That leaves Newt as the sole non-Mitt candidate. Will he experience this year’s remarkable string of boom-then-bust candidacies that began, remarkably enough, with Donald Trump? I do not think so. The man is smart — as he would be the first to tell you — which immediately distinguishes him from some in this year’s field. He is used to national exposure, much of which is negative, but I think that works to his advantage. He has already been through what could be called a rough patch and is still around. (He called that period in the spring as the worse two months of his life, which I am sure is of great comfort to each of his first two wives.) Unlike the Bachmann, Perry and Cain boomlets, he was already well-known so that his weaknesses — of which there are many — are well-known. So I think he is here to stay.
How is Mitt doing? As I said in an earlier post, I think his shtick is starting to wear thin. He is reminiscent of a sporting coach who feels comfortable with a lead and takes his team out of their rhythm by “holding the ball.” That analogy admittedly breaks down because Romney’s “lead” was support in the polls of 20 to 25 per cent, and a cast of opponents more akin to the bar scene in “Star Wars” than a roster of future leaders of the free world. But it holds up when we look at his first televised ad, an attack of Barack Obama (with its distorted “quotation”), instead of a reason why Republican primary voters should back him. He is also remarkably thin-skinned. In a rare interview with a news organization, he later complained that the Fox (sic) interviewer was unduly aggressive. He further displays the haughtiness of a prep school debater when he harps on following the rules during the seemingly endless debates of the GOP primary run-up.
One thing is certain. This is going to be very interesting leading up to the first actual vote by a human in just over one month from now.
I did not do a post immediately after the first GOP debate on foreign policy on November 12 (I was in Montreal for that Saturday night debate) nor for the most recent one on November 22. Both events were interesting, in part because of the differences among the candidates, but also because of the surprisingly (to me) nuanced positions of candidates such as Rick Santorum and Michele Bachmann, neither of whom has displayed that trait on domestic issues. It would have been truly surprising, if not jaw-dropping, if I could say the same about Rick Perry or Herman Cain.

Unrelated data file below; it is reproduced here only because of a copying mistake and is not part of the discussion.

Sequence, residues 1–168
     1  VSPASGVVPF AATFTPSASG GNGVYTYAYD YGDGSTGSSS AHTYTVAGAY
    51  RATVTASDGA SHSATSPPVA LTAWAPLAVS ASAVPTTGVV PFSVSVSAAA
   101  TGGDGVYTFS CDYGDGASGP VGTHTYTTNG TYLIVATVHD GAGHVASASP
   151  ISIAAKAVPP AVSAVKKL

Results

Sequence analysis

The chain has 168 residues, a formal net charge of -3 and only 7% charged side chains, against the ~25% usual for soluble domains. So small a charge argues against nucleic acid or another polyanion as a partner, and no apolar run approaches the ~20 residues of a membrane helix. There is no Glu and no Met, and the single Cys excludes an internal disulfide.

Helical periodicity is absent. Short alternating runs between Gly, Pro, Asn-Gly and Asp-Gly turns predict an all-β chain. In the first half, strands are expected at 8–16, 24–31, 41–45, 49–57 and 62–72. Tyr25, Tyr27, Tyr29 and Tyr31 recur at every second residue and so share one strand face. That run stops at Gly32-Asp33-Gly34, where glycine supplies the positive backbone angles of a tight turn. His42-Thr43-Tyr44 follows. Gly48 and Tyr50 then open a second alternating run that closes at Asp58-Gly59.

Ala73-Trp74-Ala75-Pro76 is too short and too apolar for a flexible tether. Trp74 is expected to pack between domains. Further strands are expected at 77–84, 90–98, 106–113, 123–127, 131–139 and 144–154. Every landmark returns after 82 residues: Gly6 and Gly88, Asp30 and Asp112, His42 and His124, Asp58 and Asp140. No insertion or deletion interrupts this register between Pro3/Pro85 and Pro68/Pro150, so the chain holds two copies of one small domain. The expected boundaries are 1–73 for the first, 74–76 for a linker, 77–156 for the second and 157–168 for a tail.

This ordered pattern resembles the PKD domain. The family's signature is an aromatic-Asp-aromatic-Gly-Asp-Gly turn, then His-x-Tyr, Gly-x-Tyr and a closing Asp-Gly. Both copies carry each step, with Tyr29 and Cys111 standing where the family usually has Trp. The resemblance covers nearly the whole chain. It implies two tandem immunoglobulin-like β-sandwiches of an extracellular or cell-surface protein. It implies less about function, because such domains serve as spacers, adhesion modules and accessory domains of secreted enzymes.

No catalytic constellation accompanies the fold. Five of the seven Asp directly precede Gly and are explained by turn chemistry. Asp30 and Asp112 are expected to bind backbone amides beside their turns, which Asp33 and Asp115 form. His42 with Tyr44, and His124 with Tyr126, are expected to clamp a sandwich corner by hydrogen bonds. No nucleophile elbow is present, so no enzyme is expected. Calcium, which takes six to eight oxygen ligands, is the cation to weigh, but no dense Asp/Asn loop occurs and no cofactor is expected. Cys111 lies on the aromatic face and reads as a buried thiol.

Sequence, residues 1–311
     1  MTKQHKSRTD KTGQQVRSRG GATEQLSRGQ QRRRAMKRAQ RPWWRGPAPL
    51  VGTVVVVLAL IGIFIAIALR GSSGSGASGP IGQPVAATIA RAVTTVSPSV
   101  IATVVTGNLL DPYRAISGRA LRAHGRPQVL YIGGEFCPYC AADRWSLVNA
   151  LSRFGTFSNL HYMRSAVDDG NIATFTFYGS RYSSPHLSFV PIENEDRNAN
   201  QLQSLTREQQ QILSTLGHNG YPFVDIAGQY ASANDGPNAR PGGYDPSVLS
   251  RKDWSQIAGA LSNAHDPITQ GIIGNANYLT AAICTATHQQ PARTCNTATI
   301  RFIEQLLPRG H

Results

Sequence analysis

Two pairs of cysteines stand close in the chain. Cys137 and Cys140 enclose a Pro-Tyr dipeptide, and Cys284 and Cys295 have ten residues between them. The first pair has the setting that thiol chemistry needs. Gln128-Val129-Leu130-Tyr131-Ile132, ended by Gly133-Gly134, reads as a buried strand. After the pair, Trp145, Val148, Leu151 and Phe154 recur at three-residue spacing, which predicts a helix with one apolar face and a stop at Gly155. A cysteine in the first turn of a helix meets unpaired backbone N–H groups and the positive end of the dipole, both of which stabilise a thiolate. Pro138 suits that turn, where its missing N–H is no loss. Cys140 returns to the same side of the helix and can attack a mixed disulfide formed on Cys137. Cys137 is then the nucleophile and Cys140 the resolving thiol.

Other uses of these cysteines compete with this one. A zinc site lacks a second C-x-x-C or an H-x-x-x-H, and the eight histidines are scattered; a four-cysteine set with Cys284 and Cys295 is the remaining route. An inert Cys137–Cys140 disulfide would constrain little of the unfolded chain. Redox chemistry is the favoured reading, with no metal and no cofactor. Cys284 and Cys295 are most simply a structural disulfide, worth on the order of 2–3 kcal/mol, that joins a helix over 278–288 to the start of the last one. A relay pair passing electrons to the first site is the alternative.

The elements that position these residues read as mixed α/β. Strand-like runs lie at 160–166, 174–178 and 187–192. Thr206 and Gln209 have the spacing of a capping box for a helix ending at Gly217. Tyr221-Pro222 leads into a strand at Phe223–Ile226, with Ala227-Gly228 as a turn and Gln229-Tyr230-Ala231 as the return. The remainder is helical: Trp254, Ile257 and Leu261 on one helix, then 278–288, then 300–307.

Perry and Cain are simply out of their league in discussing international matters, not that they are evoking memories of William F. Buckley when the topics are closer to home. CBS and The National Journal, sponsors of the earlier event, labeled it “The Commander-in-Chief Debate,” an appellation that gives one considerable pause when viewing this entire group of candidates.
Cain, for his part, seems to have the same answer to every question. He would assemble the best possible people, listen to their advice, and make a decision based on common sense. There is nothing wrong with that answer, of course, other than that he is using it to mask a total lack of knowledge on any subject. The first debate preceded his embarrassing response to the question on Libya. By the time of the second debate he demonstrated that he did know a fact, in this case that Iran is a mountainous country. The purpose of sharing that knowledge with us is that it would make an Israeli strike on Iran highly unlikely. He did not go on to explain, however, the implications of his insight for the American military action in Afghanistan. Presumably, he would not even have embarked on George Bush’s lukewarm attempt to track down Osama Bin Laden in the Tora Bora mountains.
Perry is simply hopeless in a debate format, although it is becoming increasingly clear that debates are doing a very good job of demonstrating his level of knowledge and capabilities. What does he think is the preeminent security threat to the United States? It is the 35,000 “forced abortions” that occure in China every day (according to him). Commander-in-Chief qualifications? He is the only one on stage with such experience since he commands the Texas National Guard. This Palinesque answer did not explain how the other two former Governors did not also have the experience. Finally, he revealed the startling information that Hamas and Hezbollah are both active in Mexico.
Rick Santorum surprised me in his ability to address the complexity of certain issues with a level of sophistication. Although he opposed President Obama’s elimination of torture and supports profiling of Muslims, he spoke in favor of the necessity of foreign aid for strategic reasons, and opposed a “cowboy” response to a nuclear weapon ending up in the wrong hands in Pakistan. Unfortunately, his idea of the most serious threat to the United States is socialism in Central America. (Even Herman Cain referred to cyber-attacks.)
Michele Bachmann continues to mix occasional bouts of lucidity with downright zaniness. She also recognizes the strategic importance of foreign aid and the complexities of dealing with a Pakistan that has dozens of nuclear weapons. She rightly criticized Rick Perry for naivete in saying he would zero out foreign aid until the Pakistani government came around to his way of thinking (a scary thought if ever there were one). But in both debates she talked about the President allowing the ACLU to run the CIA on interrogating suspects, even though the Army’s Field Intelligence Manual is the source for such matters.